Question: This latest unofficial shutdown has been brutal for some of us. The governor told tourists not to come right before the plus-up expired. I am requesting food stamps for the first time. It’s easy to count COVID-19 tests but what about everything else?
Answer: Many readers are expressing similar concerns, sometimes from opposite points of view. Kokua Line has heard from individuals like you who had hoped to be working full time by now, only to have those hopes fade after Gov. David Ige urged visitors to stay home in late August, amid Hawaii’s delta surge; federal unemployment benefits, including the “plus-up” of $300 a week, expired the first week in September. We’ve also heard from readers concerned that the government’s focus on COVID-19 case counts obscures other statistics those readers consider more alarming, including the number of Hawaii residents relying on taxpayer-funded assistance for everything from food to rent to medical insurance.
To answer your basic question, yes, government agencies do track the usage and cost of benefits such as the Supplemental Nutrition Assistance Program (SNAP), formerly known as food stamps; Medicaid health insurance for the needy; and unemployment compensation. These and more are among what you describe as “everything else.”
To cite a few examples, Hawaii had a total of 189,956 SNAP recipients in September, according to the state Department of Human Services, which is down from the pandemic-era peak of 206,226 in July 2021 but higher than a pre-pandemic total of 152,252 in February 2020.
In 2019, before Hawaii’s economy was restricted during the pandemic, an average of about $37 million in SNAP benefits were paid per month. Since March 2020, the monthly average has risen to $79 million, according to a news release from the department in June.
As for Medicaid, the department’s website says an “unprecedented” 427,839 individuals in Hawaii received their health insurance through Med-QUEST/Medicaid as of July 16, a 31% increase from before the pandemic. The total accounts for 30% of Hawaii’s overall population and 50% of its children, it said.
Hawaii’s Department of Labor and Industrial Relations reported paying out nearly $6.5 billion in unemployment compensation from March 1, 2020, through Oct. 7, 2021, the vast majority of it through federal unemployment programs that expired the first week of September, including the plus-up you mentioned. Only about $1.9 billion of the total was through the state’s regular Unemployment Insurance program, which is funded by taxes on employers and is the only unemployment compensation program processing new claims. About $4.6 billion came from the now-expired federal programs.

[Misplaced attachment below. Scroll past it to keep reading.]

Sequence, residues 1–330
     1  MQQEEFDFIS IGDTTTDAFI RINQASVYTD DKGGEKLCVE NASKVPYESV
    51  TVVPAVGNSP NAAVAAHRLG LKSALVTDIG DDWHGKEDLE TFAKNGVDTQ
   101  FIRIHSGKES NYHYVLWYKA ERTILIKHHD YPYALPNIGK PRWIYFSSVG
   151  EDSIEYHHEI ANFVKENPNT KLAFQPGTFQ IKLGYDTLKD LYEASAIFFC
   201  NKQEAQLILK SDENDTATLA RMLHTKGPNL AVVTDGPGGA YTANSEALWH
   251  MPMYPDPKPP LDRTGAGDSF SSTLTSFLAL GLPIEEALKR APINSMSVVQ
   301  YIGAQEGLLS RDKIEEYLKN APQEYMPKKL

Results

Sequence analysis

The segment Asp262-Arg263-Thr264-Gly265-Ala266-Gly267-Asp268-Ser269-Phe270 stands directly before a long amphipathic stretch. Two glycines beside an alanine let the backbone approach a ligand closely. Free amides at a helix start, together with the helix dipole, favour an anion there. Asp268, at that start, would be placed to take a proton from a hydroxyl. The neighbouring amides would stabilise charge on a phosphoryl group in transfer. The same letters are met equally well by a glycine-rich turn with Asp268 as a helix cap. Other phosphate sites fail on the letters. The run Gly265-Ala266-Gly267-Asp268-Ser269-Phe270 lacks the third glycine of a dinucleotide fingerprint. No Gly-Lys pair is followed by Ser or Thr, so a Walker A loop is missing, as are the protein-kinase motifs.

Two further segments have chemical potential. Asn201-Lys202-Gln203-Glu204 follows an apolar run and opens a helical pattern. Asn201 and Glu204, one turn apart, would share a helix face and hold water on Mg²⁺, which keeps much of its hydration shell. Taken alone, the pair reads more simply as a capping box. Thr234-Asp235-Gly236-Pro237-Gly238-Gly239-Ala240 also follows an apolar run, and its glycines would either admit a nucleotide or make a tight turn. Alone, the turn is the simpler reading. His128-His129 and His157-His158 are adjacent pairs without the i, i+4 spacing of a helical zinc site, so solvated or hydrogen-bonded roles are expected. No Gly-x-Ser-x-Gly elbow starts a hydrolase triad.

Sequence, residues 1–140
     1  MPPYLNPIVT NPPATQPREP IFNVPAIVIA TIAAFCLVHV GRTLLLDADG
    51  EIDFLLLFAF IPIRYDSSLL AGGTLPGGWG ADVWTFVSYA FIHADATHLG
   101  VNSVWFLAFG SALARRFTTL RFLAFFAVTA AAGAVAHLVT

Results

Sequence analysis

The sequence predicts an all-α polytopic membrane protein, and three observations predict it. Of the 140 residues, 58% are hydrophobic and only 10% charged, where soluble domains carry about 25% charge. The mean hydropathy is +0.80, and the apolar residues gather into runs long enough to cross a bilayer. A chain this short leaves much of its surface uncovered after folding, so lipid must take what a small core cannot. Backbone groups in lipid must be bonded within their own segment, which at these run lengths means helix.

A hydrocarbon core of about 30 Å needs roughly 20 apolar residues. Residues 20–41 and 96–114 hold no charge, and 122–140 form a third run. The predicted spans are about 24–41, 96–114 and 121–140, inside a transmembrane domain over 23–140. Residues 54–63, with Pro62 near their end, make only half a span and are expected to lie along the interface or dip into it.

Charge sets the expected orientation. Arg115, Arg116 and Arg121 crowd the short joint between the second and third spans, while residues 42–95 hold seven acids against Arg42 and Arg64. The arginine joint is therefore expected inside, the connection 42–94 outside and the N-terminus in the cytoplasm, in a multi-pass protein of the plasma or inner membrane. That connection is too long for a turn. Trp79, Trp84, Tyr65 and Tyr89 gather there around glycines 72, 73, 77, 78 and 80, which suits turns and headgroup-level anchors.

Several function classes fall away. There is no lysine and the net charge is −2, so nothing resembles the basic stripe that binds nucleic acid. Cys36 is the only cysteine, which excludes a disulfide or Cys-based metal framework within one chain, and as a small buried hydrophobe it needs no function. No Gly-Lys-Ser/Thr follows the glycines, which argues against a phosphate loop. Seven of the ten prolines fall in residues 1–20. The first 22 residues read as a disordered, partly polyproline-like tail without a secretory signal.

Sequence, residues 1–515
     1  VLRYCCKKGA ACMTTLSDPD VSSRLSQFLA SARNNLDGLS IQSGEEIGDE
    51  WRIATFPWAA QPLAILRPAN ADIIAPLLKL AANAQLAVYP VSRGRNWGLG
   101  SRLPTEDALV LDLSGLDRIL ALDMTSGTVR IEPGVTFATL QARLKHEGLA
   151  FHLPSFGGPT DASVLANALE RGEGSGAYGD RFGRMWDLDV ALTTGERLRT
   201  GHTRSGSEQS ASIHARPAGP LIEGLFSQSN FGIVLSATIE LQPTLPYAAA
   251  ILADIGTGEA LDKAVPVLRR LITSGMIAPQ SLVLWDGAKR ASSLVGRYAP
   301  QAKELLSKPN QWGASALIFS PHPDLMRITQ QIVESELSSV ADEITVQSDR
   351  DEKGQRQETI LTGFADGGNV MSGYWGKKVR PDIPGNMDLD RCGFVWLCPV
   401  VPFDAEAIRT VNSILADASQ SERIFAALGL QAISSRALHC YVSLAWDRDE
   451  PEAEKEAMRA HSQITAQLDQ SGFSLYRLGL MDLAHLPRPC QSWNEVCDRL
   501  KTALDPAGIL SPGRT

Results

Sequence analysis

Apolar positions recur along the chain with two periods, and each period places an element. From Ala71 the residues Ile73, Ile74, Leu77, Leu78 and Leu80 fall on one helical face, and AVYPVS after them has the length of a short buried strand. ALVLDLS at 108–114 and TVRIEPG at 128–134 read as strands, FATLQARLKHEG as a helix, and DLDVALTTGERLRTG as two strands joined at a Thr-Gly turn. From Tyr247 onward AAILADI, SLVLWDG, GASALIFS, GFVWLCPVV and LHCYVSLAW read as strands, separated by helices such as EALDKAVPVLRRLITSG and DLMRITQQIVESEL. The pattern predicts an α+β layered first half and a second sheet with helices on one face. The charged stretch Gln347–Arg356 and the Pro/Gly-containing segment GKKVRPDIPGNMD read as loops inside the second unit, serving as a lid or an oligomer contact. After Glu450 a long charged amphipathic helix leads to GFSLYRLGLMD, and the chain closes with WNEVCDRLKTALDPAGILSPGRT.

As for other benefits you may be eligible for, there’s rent aid and utility aid for renters available in Honolulu County; the application portal is open, according to the website oneoahu.org.
Q: My driver’s license will expire while I’m on an extended trip to the mainland. I am a senior with a 2-year renewable license. How far in advance can I apply for a renewal, and how long will it take to receive it after my visit to have it renewed?
A: You can renew as early as six months before your expiration date, and it should take six to eight weeks to receive your permanent license in the mail, according to the city; you should leave your appointment with a temporary license in hand. Regardless of when you renew before your expiration date, you will keep the same expiration date, plus two years. You don’t lose time on the license by renewing at first opportunity. Make a renewal appointment at AlohaQ.org.
Write to Kokua Line at Honolulu Star-Advertiser, 7 Waterfront Plaza, Suite 210, 500 Ala Moana Blvd., Honolulu 96813; call 529-4773; fax 529-4750; or email email@example.com.